Verbotonalism – How does Intonation Correct or Help Production of Individual Sounds – Andrew Lian

posted in: Uncategorized | 0

Spoken language is a dynamic system that consists, inter alia, of connections and flows in sound production.

The primary generator of connections and flows in sound production is the prosody of language: intonation, rhythm, stress, intensity and tempo. The integrator/carrier/mirror of all these elements is intonation.

Intonation is generated by the vocal cords and is represented physically by the fundamental frequency of the voice or F0.

Intonation is responsible for the melody of the language and is inextricably connected with the flow and, therefore, temporal characteristics of spoken language. There can be no flow of language without intonation and its temporal organization.

Intonation is always present whenever any spoken language is produced (even if people commonly say that language has no intonation, it actually, and automatically, does have an F0).

Intonation is ever-present in spoken language and, therefore, can be considered to be a global phenomenon. It is literally everywhere.

F0 is necessarily a part of every vowel and voiced consonant, i.e. the vast majority of the sounds of language. This can be verified by acoustic analysis.

As a consequence, no vowel or voiced consonant can be produced without it being integrated into an intonative context.

Thus, individual phonemes never exist in isolation. They are all embedded in an intonative context – even single phonemes (the vast majority) contain a component of F0 and the others are enveloped by the intonation of the speech stream.

When intonation changes, it affects the quality (perception and production) of the vowels and consonant sounds inevitably connected with it.

As a result of this close connection, the intonation (embodying all prosodic features of spoken language) will share its tensions, pitches, flow and other pronunciation characteristics with the phonemes of the language being spoken. Simultaneously, the vowels and consonants have an impact on the production of intonation but with much less impact as they are not omnipresent.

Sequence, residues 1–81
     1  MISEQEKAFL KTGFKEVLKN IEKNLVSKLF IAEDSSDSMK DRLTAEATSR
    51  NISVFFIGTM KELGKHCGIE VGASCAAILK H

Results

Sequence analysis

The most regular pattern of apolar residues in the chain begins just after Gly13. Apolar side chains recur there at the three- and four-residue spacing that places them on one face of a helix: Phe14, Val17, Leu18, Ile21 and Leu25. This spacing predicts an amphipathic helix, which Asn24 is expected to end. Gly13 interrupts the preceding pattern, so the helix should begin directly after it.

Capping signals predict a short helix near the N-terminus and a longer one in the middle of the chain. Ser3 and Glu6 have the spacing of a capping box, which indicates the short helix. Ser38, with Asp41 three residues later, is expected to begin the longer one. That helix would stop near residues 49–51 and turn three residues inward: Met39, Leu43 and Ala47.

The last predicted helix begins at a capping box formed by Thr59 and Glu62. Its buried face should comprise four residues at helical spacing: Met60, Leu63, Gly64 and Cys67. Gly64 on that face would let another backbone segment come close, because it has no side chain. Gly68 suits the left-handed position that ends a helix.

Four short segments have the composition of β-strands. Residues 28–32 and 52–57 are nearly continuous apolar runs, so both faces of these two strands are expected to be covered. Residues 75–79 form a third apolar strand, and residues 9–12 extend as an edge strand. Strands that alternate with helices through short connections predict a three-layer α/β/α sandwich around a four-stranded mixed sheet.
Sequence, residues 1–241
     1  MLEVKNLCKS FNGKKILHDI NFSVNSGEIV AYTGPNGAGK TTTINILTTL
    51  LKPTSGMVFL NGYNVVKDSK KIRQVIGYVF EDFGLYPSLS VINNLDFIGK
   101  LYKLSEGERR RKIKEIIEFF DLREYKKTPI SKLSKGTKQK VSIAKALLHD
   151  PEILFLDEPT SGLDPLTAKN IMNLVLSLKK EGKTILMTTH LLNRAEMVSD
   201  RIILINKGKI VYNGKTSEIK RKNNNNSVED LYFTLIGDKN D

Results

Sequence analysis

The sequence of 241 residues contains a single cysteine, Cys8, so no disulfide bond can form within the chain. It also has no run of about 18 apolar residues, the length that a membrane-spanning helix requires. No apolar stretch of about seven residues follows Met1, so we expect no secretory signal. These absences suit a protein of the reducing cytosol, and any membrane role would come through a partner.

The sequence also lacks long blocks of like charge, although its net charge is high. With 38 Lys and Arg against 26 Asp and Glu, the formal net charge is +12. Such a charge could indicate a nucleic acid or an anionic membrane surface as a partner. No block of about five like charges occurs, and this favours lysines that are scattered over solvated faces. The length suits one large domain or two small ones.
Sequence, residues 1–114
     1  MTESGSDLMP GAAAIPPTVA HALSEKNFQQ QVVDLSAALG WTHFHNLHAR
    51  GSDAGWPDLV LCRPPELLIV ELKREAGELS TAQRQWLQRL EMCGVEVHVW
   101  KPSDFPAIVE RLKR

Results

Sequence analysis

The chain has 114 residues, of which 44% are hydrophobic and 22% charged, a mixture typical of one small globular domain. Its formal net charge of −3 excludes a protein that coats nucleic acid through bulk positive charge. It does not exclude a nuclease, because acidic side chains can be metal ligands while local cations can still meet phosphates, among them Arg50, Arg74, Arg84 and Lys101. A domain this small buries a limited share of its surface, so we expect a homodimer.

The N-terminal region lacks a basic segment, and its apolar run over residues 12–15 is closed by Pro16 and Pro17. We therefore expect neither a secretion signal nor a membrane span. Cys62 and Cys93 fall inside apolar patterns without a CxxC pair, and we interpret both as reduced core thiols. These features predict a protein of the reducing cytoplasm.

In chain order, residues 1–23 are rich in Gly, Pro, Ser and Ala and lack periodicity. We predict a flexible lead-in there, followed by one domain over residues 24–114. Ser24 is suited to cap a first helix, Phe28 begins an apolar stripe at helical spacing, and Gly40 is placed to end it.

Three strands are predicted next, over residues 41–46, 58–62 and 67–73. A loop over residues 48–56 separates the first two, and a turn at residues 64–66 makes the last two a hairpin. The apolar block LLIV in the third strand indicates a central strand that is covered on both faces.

Given its continuous nature and omnipresence, intonation will produce countless melodic variations and contexts for each individual sound to be realized in and the sounds produced in these varied contexts will automatically adjust to these melodic variations thus ultimately resulting in learners (both L1 and L2) perceiving and appropriating the acceptable variations of phoneme production for each sound of language.

Developing the above, because intonation is a holistic, ever-present, non-phoneme-specific, phenomenon of spoken language it necessarily embodies all of the pronunciation and phonological characteristics of the language as socially distributed and commonly practiced in the speech community of the language being spoken (including such phenomena as tension, loudness, stress etc.).

Thus, pronouncing individual sounds in specific intonative contexts reflects the optimal pronunciation of these sounds as they are distributed along the intonative curve according to the principles applying to the language being spoken. This helps them to be pronounced in a socially acceptable way according to the rules of the speech community of the language being spoken.

Therefore, in the context of L2 learning, listening to and pronouncing phonemes within correct intonative contours will help achieve correct/acceptable/intelligible pronunciation as the qualities of the intonation will imprint themselves on the sounds being produced and assist in their perception and production. To expand slightly on this, intonation imprints the general perceptual and pronunciation characteristics of the language on the vowels and consonants to which it is connected. As a result, it eliminates or reduces misarticulation errors of the vowels and consonants of the language being learned as it envelops these vowels and consonants with the pronunciation characteristics that they are meant to contain and automatically transfers these to them.

Further, given the generalizability of the intonative phenomenon, applying correct intonation to sounds that have never yet been uttered will also help with their production as the intonative phenomenon is applied to all speech production.

Thus, from a language learning perspective, each sound is learned as a dynamic model, or as a range of possible realizations governed by intonative contexts and variations, rather than as a static, artificially isolated, model. This is in major contradiction with common practice in pronunciation training around the world.